How Covid-19 is Altering the Shape of B2B Sales

How Covid-19 is Altering the Shape of B2B Sales

“There’s always opportunity in a downturn, you just need to identify it and go for it.” Wise words from an uncle who’d lived through many a recession and kept his nerve and his business afloat – changing course when he had to by adapting to market conditions.

This advice is particularly useful for the period we live in now with the global COVID pandemic forcing lockdowns, economic downturns, and business closures. 
McKinsey1 Digital, reports that: “Those companies that move early and decisively in a crisis do best.” Indeed, many of the past year’s success stories have been those companies that made the shift to accelerate their digital transformation and adapted their business models.

At the beginning of 2020, the B2B sector was lagging far behind retail in its digital transformation and ecommerce effort but Gartner2 now forecasts that: “By the end of 2021, digital commerce is expected to overtake direct sales as the most used channel for B2B selling.” 

When it comes to B2B, McKinsey’s customer-behavior research3 shows that digital interaction with B2B customers is now two times more important than traditional channels – more than a 30 percent jump since before the outbreak of the COVID-19 pandemic.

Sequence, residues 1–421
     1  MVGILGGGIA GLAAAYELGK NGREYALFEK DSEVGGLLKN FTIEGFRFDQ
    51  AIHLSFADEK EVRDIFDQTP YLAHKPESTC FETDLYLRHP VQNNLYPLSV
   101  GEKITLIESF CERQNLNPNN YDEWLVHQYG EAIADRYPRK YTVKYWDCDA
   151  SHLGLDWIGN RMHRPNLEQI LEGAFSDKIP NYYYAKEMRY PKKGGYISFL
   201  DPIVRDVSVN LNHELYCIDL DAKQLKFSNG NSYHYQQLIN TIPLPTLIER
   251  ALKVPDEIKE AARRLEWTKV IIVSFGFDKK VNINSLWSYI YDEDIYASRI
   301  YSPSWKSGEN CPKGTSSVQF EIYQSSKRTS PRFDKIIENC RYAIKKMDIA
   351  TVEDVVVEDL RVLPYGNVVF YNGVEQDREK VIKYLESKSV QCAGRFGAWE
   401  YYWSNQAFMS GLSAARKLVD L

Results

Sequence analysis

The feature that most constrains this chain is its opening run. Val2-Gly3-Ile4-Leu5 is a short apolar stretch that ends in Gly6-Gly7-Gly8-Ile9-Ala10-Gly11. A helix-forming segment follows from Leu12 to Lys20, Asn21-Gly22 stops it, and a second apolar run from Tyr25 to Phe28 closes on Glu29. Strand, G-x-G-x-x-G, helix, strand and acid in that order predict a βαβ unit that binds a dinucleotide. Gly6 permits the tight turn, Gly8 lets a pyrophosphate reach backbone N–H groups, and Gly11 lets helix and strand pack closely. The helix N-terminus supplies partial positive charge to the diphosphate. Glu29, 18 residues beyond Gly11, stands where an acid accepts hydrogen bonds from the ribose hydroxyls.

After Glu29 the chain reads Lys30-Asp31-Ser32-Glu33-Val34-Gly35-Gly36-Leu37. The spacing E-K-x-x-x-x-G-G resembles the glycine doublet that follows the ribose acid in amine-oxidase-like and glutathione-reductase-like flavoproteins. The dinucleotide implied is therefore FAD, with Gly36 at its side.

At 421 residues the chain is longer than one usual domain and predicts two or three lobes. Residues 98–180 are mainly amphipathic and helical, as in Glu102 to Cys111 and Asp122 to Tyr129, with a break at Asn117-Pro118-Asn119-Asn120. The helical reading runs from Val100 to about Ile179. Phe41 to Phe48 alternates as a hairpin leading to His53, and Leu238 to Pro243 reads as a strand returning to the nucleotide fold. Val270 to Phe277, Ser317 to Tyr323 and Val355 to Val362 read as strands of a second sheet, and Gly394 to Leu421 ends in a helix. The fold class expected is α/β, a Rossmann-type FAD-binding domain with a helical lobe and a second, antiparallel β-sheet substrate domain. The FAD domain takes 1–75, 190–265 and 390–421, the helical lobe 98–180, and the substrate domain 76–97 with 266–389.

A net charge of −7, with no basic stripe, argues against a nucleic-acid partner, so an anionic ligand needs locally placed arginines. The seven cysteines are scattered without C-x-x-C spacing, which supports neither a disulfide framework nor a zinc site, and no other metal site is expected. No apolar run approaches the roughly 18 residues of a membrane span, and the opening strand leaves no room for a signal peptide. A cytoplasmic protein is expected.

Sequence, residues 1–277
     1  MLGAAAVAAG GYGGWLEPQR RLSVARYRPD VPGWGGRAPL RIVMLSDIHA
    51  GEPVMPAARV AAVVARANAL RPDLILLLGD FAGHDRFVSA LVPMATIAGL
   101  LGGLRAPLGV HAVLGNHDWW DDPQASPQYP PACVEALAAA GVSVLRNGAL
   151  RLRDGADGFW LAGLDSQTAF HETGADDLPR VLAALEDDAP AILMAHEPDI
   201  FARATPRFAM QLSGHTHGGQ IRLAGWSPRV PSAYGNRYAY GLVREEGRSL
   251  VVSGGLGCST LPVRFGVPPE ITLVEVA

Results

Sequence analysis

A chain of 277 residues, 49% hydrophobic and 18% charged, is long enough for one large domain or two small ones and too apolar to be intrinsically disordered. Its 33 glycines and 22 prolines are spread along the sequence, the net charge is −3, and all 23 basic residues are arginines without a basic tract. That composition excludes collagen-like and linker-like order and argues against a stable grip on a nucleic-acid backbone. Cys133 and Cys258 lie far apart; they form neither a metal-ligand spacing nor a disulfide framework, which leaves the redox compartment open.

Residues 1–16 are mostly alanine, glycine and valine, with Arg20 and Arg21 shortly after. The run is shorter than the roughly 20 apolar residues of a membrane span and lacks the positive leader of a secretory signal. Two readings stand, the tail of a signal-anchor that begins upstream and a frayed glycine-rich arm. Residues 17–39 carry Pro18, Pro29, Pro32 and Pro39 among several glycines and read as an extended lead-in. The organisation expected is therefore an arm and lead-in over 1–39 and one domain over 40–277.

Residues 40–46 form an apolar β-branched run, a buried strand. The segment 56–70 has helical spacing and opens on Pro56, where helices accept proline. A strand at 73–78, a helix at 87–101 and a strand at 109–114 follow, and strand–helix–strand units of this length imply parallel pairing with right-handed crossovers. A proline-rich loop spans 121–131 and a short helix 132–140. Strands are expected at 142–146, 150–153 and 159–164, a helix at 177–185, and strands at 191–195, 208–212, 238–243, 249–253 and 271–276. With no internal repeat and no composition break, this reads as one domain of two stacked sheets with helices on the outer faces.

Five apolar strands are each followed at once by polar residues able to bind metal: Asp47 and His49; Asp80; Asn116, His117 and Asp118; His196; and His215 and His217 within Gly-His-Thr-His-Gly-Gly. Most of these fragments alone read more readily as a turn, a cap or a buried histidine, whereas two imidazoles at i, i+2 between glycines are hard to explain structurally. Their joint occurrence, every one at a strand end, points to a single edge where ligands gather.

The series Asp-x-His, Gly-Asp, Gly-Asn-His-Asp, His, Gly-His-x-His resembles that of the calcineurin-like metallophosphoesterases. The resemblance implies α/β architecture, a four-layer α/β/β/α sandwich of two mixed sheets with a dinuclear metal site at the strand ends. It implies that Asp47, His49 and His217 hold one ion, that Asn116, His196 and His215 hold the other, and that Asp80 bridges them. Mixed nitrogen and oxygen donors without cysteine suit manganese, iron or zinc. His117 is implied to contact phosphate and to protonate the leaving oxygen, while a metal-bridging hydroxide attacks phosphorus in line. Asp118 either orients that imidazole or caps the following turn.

However, this is not the same across all industries. Findings in a recent report4 from Digital Commerce 360 Research indicate that “while B2B e-commerce sales grew overall, the growth was highly uneven across many industries, depending in large measure upon the impact COVID-19 had on specific markets”. 

85% of sellers have a formal goal for increasing sales through the digital commerce channel
Increase Profits and Delight Buyers by Becoming a Digital-First, Omnichannel B2B Seller
1 April 2021, by Mark Lewis
Gartner

That said, 2021 will see companies continue with their digital transformation efforts with buyers increasing their levels of purchasing, and sellers increasing their levels of sales via digital channels. 

The previously cited Gartner5 report concurs: “Because of the convenience and lower cost of buying from websites, 80% of organizations have a formal target for increasing purchases through the digital commerce channel.” 

This trend is further supported by the fact the majority of B2B buyers today are millennials. They want things on their terms. In general, these digital natives still expect a personalized buying experience but prefer it to happen via digital channels. They want that seamless shift from researching a product online to making a purchase directly via whatever device they happen to be using at a time of their choosing.